Cats are home to various parasitic worms, the most prevalent of which are roundworms. Roundworms can invade your cat through different entry points. These parasitic worms live in the digestive systems of cats. For your cats, having roundworms can be very uncomfortable.
There are two types of roundworms. The first kind, known as Toxocara cati, is prevalent in kittens. This kind is commonplace in the kitten’s mother’s milk. The second type, Toxascara leonina, is more found in elderly cats. This kind spreads through the consumption of cat litter.
Ingestion of the feces of other cats facilitates the frequent transmission of roundworms. Cats infected with roundworms usually don’t show any symptoms. Cats with serious roundworm infections exhibit symptoms such as coughing and weight loss. Cats may vomit and have intestinal obstructions.
Kittens with roundworms experience slow growth. Kittens also appear to have a pot-bellied posture because of an enlarged abdomen.
Tapeworms can only spread to cats if they get them from an intermediate host such as a bird or flea. A cat infected with tapeworms cannot pass the parasite on to another cat.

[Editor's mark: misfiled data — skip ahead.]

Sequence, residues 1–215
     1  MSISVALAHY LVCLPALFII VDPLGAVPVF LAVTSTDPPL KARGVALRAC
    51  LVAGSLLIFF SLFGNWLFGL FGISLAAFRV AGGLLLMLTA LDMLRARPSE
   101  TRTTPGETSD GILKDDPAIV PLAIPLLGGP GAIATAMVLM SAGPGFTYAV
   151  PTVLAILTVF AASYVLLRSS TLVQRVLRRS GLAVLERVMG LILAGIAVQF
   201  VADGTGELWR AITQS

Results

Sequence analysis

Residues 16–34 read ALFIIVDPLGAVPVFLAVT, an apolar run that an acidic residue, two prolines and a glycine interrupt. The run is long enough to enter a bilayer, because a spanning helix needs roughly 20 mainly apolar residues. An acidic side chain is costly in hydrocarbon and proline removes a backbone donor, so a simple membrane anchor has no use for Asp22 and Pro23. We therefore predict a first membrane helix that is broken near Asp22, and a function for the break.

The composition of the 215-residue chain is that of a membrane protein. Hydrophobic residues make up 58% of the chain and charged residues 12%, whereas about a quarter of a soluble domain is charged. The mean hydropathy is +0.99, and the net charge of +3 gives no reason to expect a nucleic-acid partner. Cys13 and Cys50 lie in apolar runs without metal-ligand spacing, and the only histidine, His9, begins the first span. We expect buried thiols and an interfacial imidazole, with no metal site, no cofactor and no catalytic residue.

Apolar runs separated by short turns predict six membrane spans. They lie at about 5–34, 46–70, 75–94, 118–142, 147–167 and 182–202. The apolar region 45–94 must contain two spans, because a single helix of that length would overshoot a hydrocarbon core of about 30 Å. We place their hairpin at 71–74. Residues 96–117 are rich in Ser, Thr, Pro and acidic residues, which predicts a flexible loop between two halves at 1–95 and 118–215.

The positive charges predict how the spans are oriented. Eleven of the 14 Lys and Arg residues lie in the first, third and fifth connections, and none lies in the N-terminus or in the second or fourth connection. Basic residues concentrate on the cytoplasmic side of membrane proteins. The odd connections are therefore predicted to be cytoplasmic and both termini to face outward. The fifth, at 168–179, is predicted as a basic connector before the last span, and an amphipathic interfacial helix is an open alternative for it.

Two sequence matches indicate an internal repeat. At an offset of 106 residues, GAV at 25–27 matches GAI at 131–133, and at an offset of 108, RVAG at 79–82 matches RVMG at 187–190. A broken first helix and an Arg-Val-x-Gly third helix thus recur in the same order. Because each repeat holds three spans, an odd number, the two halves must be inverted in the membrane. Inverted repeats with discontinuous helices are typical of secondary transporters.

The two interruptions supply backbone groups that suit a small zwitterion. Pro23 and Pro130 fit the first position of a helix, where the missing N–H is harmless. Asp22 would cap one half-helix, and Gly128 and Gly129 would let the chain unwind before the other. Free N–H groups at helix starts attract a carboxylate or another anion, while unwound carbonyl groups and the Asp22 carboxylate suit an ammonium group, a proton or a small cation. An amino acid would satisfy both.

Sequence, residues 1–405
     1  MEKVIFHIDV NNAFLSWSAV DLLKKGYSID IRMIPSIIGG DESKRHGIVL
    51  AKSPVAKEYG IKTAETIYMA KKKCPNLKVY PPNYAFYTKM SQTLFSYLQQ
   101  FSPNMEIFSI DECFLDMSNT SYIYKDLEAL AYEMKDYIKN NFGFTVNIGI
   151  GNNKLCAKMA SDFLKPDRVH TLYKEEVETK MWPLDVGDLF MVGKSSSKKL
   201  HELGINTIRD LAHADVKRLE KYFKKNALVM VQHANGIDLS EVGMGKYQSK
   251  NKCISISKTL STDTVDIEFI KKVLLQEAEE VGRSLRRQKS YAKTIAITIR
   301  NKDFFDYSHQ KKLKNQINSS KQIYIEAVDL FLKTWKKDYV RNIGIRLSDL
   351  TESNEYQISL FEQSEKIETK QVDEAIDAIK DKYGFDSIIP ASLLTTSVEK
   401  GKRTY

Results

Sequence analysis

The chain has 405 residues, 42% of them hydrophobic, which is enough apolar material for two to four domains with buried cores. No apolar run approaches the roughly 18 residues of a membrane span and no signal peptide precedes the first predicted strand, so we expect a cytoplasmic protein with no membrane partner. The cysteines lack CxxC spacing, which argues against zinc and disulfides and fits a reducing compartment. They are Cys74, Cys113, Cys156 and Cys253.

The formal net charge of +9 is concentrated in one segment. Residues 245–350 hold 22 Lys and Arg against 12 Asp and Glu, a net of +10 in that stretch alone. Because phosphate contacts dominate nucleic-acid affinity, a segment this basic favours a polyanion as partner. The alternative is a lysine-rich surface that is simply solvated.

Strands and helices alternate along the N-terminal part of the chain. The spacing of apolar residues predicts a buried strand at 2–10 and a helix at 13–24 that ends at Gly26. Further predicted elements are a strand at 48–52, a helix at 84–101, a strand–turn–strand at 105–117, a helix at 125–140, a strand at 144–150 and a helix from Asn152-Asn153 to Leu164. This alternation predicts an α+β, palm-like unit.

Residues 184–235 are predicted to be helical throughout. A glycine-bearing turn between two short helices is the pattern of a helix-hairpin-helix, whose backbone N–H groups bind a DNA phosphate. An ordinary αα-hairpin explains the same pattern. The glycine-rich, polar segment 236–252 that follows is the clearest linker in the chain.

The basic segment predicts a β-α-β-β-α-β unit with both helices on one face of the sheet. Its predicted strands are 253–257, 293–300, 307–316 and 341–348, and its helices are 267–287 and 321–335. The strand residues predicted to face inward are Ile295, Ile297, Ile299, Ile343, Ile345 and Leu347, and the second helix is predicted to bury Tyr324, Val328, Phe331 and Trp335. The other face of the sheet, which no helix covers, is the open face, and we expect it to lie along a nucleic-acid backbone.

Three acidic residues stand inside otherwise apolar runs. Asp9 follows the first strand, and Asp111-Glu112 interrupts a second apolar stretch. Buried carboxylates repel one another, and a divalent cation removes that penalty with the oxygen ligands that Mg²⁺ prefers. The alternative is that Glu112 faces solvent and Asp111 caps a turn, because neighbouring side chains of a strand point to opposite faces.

In most cases, tapeworms will make their home in your cat’s small intestine. If your cat has tapeworms, they may not show any symptoms. You may notice worm segments like white or cream-colored grains around your cat’s anus. You may also see these worm segments on the feces in the litter box.
Tapeworm infection in cats can cause various signs. Symptoms may include seizures, digestive issues, and an inconsistent appetite. Adult cats become infected with taenia, a type of tapeworm that rodents carry. Dipylidium caninum is a tapeworm that is very common in kittens. It can slow their growth and cause problems with their digestive systems.
Whipworms can spread to cats if they eat or drink something infected or contaminated. A minor infestation of whipworms will not display any apparent symptoms. But, as the worms grow, the load of these parasites will begin to take a severe toll on your cat’s body.
In severe cases of infection, whipworms can cause anemia, dehydration, and weight loss. Whipworms can also cause watery or bloody diarrhea. The bright red blood in your cat’s poop is a sign that whipworms have caused bleeding in your cat’s colon.
Can worms in cats be fatal?
Worms pose a significant risk to your cat’s health; in severe cases, they can even be fatal. Worms such as bladder worms, heartworms, liver flukes, and lungworms can all lead to significant complications in cats.